Planting in former Conservation Reserve Program fields should be delayed until the soil temperature is above 55°F to avoid Pythium damping off disease and blight.
Don’t be fooled for top yields
With tight hay markets, a raging beef market, $12 soybeans and corn futures near $6, the decision to convert more pasture to grain crops has not been a no-brainer this year. Solid grain demand, expiring Conservation Reserve Program (CRP) contracts and the high cost of herd replacements, however, might have tipped the balance toward more row crop acreage on your farm.
Farmers have always taken advantage of a fertilization bump on fallow land coming back into grain crops, but it’s no slam-dunk to achieve top yields the first year. CRP ground or pasture is typically not the best ground for farming, due to soil types and topography.
It takes fertilization management to match the history of that ground to a proper seedbed for grain crops, but will it be soybeans or corn? Soybeans are the probable first crop choice,
researchers say, in spite of the fact that corn nets more than beans on a per-acre basis.
"Going with soybeans the first year out of CRP is probably a good idea," says Peter Scharf, a University of Missouri (MU) research agronomist.
As one of the authors of an MU research paper comparing no-till corn yield response to nitrogen (N) fertilizer following CRP and following soybeans after sod conversion, Scharf says the choice is clear. The researchers found that it took approximately 205 lb. of N per acre to optimize profit on corn after CRP, but only about 110 lb. of N for corn after soybeans following CRP.
University of Kentucky (UK) research on converted CRP fields shows a 0.5% to 1% increase in soil organic matter. "Organic matter contains about 5% nitrogen, which is equivalent to 1,000 lb. of nitrogen per acre for each 1% of organic matter in the top 6" of soil," says Lloyd Murdock, a UK research agronomist.
The decomposing vegetation the first year might tie up some of that residual N in the soil. "The second year after sod, where soybeans were the first crop, more nitrogen is available, which aids in the decomposition of organic matter and the release of even more nitrogen," Murdock adds.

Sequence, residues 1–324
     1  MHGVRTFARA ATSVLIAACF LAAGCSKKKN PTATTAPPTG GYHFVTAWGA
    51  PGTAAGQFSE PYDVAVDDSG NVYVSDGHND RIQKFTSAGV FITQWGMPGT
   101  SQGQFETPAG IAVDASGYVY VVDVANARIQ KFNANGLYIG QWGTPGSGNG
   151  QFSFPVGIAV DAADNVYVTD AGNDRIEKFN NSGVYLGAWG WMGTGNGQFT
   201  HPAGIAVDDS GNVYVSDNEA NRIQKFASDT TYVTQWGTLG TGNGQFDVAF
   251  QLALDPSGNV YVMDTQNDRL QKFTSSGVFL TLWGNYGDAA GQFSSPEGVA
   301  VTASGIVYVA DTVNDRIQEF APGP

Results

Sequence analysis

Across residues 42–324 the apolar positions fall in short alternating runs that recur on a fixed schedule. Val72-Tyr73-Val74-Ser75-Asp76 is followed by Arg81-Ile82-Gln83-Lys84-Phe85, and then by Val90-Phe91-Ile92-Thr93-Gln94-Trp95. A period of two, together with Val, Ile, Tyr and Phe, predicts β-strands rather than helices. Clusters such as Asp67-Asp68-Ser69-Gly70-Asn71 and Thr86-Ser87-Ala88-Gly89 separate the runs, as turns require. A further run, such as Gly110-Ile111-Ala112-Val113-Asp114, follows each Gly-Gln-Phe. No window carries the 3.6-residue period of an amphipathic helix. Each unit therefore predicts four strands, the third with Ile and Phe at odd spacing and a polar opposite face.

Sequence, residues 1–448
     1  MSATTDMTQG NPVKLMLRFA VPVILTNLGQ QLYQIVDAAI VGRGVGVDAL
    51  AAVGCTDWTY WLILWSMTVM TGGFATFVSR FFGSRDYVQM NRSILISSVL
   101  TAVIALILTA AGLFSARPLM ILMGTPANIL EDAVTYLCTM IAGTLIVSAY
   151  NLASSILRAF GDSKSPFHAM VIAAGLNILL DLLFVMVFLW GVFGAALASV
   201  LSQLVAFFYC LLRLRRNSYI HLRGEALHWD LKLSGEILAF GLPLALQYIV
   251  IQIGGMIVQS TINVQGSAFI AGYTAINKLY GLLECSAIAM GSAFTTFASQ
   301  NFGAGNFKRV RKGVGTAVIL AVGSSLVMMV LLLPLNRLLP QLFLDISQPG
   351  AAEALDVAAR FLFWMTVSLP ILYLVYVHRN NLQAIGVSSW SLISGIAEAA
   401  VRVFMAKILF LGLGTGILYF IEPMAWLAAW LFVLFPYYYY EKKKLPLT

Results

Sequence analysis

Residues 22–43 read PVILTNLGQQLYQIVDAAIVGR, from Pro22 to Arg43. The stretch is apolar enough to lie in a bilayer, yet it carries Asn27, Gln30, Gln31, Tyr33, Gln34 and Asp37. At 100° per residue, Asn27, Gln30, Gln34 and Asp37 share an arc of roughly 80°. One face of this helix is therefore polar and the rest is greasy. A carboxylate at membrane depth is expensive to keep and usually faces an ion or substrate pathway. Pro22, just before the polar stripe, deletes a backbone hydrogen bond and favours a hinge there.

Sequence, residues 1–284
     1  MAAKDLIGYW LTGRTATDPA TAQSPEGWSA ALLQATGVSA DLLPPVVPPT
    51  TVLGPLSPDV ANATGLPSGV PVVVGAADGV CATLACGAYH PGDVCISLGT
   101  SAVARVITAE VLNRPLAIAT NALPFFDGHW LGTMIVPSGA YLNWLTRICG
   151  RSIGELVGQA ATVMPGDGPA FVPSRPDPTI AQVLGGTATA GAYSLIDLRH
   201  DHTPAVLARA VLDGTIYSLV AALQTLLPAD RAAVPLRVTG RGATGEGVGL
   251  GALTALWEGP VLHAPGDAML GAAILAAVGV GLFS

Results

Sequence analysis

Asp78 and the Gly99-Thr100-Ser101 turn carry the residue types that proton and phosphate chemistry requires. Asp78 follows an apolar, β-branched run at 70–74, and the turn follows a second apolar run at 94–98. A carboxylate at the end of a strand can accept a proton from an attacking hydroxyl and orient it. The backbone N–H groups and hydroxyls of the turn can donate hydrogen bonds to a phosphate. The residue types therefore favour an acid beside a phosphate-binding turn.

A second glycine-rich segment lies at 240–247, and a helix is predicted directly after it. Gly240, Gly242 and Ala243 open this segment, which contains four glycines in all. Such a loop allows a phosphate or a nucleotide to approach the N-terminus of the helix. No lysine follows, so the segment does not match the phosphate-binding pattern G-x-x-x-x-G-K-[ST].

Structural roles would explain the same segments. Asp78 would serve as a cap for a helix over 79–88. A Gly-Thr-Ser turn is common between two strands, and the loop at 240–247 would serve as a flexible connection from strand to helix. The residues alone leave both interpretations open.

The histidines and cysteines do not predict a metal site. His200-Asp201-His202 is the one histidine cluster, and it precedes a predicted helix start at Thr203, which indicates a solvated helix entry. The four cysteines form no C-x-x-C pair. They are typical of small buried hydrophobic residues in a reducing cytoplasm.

Andrew Cummins, an east central Missouri grain crop farmer, agrees with the bean choice.
Besides having a more flexible planting period with soybeans, he likes taking advantage of the soybean’s N fixing ability while the carbon to N ratio becomes more balanced throughout the first year from sod decomposition. He will be planting an additional 240 acres of prepared sod ground this year, with only 10 acres going into corn "for experimental purposes" and the remainder in soybeans, he says.
Impacting many agronomic considerations is the choice between a no-till seedbed and plowing/disking. "I’ve been on both sides of the fence on this one," Cummins says. Though aware of the benefits of no-till, he continues, "Plowing has always worked better for me—I’ve always had a much better stand the first year out of sod."
Soil secrets. The first weapon in Cummins’ sod-to-soy arsenal is a proper soil test with 20 probes to the acre. "That’s a $20 investment on ground that could gross $500. Everybody thinks you don’t need fertilizer on this ground the first year because it’s already got plenty of reserves [from decomposing sod], and they’re finding that’s completely wrong," says the Santa Fe, Mo., farmer. "For example, some farmers are finding they need 80 lb. to 100 lb. of monoammonium phosphate [or the equivalent] just to get caught up to where they need to be."
|High pH, like low pH, can affect yields. A pH of 7 to 7.3 in the lower right field yielded
30 bu. beans. The field on top yielded 65 bu.
Phosphorus (P) is not the only limiting fertilization factor to consider. "Most hay and pasture fields are potassium [K] deficient," says Chad Lee, UK researcher and Extension agronomist. "Hay removes a lot of K2O from the soil. Without even conducting a soil test, the odds are good that you will need 60 lb. of K2O per acre."
- March 2012